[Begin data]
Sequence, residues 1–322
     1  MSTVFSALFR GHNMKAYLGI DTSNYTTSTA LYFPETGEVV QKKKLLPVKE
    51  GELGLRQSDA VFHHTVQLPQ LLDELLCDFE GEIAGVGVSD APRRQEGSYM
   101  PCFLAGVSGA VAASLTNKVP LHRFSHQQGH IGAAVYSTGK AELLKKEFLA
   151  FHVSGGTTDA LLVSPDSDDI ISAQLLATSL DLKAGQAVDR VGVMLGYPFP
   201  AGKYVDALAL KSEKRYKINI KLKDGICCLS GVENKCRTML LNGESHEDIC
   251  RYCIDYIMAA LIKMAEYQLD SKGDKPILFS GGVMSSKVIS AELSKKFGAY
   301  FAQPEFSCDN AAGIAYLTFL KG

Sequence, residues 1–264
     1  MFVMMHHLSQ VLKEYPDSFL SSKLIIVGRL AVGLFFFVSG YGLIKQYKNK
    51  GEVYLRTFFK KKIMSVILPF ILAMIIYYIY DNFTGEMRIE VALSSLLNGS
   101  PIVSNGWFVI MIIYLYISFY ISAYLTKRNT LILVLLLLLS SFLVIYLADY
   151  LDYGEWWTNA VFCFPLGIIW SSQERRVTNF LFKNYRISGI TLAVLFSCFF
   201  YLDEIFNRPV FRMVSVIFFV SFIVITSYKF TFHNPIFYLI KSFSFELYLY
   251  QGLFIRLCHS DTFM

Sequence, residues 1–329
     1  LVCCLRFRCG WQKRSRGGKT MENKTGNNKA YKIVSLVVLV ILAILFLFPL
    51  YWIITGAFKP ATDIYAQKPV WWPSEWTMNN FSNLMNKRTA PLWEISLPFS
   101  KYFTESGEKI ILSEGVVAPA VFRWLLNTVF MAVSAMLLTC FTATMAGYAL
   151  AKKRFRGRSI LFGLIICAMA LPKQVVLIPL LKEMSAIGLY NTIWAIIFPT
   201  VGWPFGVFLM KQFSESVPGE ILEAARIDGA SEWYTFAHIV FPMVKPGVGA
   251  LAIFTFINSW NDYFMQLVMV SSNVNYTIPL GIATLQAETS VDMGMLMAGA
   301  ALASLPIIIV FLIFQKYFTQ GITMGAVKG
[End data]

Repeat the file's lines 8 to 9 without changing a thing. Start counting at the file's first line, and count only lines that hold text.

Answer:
   301  FAQPEFSCDN AAGIAYLTFL KG

Sequence, residues 1–264